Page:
(accounting today for 24.5% of total costs). Particularly, the
effect of high coal and coke prices this year has been neutral
to Usiminas' EBITDA margins, as international steel prices
quickly passed this impact on to markets, a movement also
followed by Brazilian steel makers. In any event, we believe
that even considering a more moderate steel price environment,
Usiminas' overall privileged cost position would still leave it
in an advantageous position and allow it to preserve margins
substantially higher than those of its international peers.

As are other Brazilian players, Usiminas is planning to expand
its coking capacity through 2006. Today, Usiminas and Cosipa
purchase 400,000 tons of coke, as about 89% of coke requirements
are processed in-house. The investment in a new 550,000 tpy coke
oven batteries amounts to $180 million in two years and will
provide the Company with some excess coke production that could
also be potentially monetized. The Company is also investing to
increase energy self-sufficiency by building an in-house thermal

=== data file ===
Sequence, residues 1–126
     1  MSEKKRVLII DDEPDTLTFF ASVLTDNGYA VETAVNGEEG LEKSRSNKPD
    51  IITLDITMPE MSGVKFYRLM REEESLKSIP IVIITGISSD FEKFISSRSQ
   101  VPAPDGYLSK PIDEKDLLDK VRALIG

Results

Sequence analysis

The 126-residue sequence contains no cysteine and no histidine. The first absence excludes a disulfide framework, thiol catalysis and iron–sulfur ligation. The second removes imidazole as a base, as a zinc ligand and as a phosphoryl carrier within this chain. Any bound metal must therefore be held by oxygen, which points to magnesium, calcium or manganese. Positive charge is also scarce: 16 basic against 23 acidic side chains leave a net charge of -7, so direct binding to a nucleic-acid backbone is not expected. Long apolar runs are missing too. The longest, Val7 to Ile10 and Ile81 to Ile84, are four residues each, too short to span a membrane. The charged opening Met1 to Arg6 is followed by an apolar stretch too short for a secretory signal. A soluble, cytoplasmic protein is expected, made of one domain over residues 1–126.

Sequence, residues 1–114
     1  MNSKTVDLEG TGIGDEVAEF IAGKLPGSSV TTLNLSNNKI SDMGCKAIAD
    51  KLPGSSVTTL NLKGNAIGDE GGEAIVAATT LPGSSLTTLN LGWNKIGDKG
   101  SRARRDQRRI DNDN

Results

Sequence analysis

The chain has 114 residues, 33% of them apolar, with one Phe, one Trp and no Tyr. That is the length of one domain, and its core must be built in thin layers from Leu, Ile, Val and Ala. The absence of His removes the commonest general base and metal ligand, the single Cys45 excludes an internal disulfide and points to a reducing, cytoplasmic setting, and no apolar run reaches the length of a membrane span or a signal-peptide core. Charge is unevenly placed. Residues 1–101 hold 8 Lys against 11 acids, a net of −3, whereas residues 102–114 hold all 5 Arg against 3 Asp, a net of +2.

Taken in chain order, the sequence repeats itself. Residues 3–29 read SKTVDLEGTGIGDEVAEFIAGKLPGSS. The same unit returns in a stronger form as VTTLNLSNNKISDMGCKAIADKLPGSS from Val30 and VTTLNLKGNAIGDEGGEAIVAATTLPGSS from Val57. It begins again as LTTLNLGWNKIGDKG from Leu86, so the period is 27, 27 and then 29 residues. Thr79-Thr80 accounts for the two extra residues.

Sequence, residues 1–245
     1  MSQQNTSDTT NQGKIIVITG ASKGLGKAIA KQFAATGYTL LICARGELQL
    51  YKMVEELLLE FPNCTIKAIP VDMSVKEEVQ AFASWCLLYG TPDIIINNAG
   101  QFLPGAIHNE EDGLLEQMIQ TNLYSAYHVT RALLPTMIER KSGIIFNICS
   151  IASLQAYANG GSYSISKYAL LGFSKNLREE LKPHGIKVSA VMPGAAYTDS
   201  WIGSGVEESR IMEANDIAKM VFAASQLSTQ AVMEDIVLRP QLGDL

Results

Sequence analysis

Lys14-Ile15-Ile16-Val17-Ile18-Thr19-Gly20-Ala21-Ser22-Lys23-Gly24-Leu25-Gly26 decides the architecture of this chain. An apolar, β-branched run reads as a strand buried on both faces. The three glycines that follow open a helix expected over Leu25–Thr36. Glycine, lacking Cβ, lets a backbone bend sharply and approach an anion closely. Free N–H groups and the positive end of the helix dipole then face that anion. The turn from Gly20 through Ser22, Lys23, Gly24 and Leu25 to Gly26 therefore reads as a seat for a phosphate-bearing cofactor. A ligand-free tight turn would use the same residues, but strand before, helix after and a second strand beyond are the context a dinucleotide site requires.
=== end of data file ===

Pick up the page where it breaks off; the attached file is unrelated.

power plant of 60 MW, which will enhance further its already
very competitive energy cost position ($60 million expenditure).
While both Usiminas and Cosipa have pension liabilities deriving
from old defined-benefit plans (already closed to new entrants
in 1998), these are substantially smaller than those in the U.S.
or Europe, also leaving the Company in a favorable comparative
cost position.

Diversification, product mix, and customer base
While operating two operationally independent plants in Ipatinga
and Cubatao, but still having sales concentrated in the domestic
market, Usiminas is exposed to Brazil's country risks. Usiminas
has traditionally exported 20%-30% of its consolidated
production to a variety of export markets (28% in the first nine
months of 2004), benefiting from its low-cost position and
profiting from those even at depressed markets (exporting more
of Cosipa's production).

Among Brazilian steel makers, Usiminas is certainly the most
diversified in terms of the range of products. It is the only
producer of heavy plates, accounting for nearly 98% of steel
supply for large tubes, all the way up to higher value-added
ultralow-carbon steels, such as Interstitial Free steel,
produced now at both Ipatinga and Cosipa with vacuum degassing
and used in extra-deep drawing applications (such as exposed
auto parts); and Bake Hardenable steel, used particularly for
automotive body panel applications due its combined strength and
formability characteristics. The Company's production strategy
has been two-fold: while Usiminas has concentrated in higher